the latest science, psychology, anthropology, or political-economic theory—is adequate for theology’s function of connecting what the sacred texts say with what is the latest and best thinking about the reality on the ground of the cultural context. Robert Roth is a theologian deeply immersed in both the Christian tradition and in the world. For him the best way to show how these two are connected is to use the category of story rather than philosophy, or any of the intellectual offspring of philosophy that comprise much of the curriculum of the modern university. Philosophy and its intellectual children are not wrong or unhelpful for Roth, but they are not adequate to the task of understanding—or pointing to—the many dimensions of either reality or the truth of the Gospel story. Roth acknowledges that, on its face, “story” seems a poor substitute for the rigors of thought and language required to show how the Gospel connects with all the dimensions of the real world. In defense of his thesis that “story…as a category, gives us a clue to the nature of reality,” he dedicates the first four chapters to analyzing the richness, breadth, and depth of story as a demanding and adequate category for all thought. Because both a good story and the way story points to reality are open-ended, “story and reality” serve the Gospel message better than systems of thought which, like philosophy—to echo the complaint I often heard from students—“put God in a box.” For all of its brevity and “few sketchy suggestions,” this little book in its opening chapters makes a very bold claim that story is “the vehicle of reality in the ii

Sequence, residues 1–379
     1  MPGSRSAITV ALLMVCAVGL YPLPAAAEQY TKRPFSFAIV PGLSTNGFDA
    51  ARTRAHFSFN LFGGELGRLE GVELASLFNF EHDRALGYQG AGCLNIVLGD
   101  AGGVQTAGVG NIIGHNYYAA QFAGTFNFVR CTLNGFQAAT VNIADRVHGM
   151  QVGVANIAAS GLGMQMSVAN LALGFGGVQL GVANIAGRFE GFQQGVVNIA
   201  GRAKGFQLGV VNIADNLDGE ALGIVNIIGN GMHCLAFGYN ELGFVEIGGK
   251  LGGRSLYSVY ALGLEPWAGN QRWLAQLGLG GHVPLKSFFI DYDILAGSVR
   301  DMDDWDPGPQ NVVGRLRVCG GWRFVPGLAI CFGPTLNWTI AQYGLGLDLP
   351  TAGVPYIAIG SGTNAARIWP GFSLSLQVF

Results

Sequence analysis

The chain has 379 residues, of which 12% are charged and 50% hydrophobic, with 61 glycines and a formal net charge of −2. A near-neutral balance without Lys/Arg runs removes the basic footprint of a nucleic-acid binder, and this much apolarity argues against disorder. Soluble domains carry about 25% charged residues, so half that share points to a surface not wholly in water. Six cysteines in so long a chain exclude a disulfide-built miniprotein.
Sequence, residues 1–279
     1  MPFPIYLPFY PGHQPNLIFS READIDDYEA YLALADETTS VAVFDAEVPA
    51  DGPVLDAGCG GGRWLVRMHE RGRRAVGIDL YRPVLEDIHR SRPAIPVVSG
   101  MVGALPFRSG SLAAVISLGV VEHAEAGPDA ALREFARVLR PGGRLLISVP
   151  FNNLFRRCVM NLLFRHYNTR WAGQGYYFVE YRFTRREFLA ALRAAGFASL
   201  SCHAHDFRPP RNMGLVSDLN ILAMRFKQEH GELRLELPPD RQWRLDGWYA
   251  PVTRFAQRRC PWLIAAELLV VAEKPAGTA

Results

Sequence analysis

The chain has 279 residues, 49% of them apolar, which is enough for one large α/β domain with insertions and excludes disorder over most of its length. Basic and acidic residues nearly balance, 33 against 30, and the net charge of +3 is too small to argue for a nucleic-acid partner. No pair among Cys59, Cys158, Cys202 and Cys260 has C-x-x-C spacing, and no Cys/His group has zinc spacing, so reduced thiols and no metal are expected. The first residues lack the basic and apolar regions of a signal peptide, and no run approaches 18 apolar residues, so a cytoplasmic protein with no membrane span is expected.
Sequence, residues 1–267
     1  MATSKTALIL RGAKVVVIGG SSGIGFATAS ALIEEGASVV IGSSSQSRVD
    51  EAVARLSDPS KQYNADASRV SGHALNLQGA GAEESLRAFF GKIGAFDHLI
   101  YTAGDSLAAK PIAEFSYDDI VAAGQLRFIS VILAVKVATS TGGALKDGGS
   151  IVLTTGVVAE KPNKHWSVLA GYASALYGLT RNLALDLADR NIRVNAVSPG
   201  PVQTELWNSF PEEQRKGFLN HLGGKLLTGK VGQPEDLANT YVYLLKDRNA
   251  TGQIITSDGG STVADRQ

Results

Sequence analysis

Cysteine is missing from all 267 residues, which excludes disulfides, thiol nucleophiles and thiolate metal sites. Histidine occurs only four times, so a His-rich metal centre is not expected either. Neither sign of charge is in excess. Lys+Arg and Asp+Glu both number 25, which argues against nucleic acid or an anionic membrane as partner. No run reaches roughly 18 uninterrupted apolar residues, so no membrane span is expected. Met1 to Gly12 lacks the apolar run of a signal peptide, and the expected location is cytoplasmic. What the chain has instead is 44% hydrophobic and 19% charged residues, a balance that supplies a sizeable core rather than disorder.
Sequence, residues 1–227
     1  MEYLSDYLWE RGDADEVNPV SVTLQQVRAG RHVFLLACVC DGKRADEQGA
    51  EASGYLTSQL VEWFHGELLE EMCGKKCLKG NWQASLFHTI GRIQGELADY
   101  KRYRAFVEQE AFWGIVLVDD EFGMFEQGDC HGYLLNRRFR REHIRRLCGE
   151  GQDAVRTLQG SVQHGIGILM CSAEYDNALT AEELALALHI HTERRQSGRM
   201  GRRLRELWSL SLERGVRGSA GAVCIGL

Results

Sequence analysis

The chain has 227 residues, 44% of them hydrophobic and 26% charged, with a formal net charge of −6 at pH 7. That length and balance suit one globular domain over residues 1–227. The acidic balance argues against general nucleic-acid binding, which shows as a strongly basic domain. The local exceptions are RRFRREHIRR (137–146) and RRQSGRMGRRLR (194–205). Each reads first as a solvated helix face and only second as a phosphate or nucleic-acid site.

Christian message.” Note the definite article. And then in five subsequent chapters the author draws upon his wide knowledge of literature and the classical Christian tradition to make a strong, persuasive case for that claim. In the closing lines of the introduction he writes, “…I do not propose that we stop our philosophical and scientific investigations. I propose only that we recognize their limitations and in addition consider this new field.” In the intervening years, others have added to this “new field” sometimes referred to as narrative theology and the like. Feminist readers have rightly insisted that the power ofherstoryhas been neglected for too long. And while those readers who happen upon this book will not be comfortable with the exclusively male pronouns, they should remember that this book was written before 1970. Today Robert Roth would certainly avoid sexist misunderstandings. Moreover, I hope they will grant that Professor Roth was also breaking open the language of theology to the revelatory power of story.
Lee E. Snook, Professor Emeritus, Systematic Theology Luther Seminary, Saint Paul, MN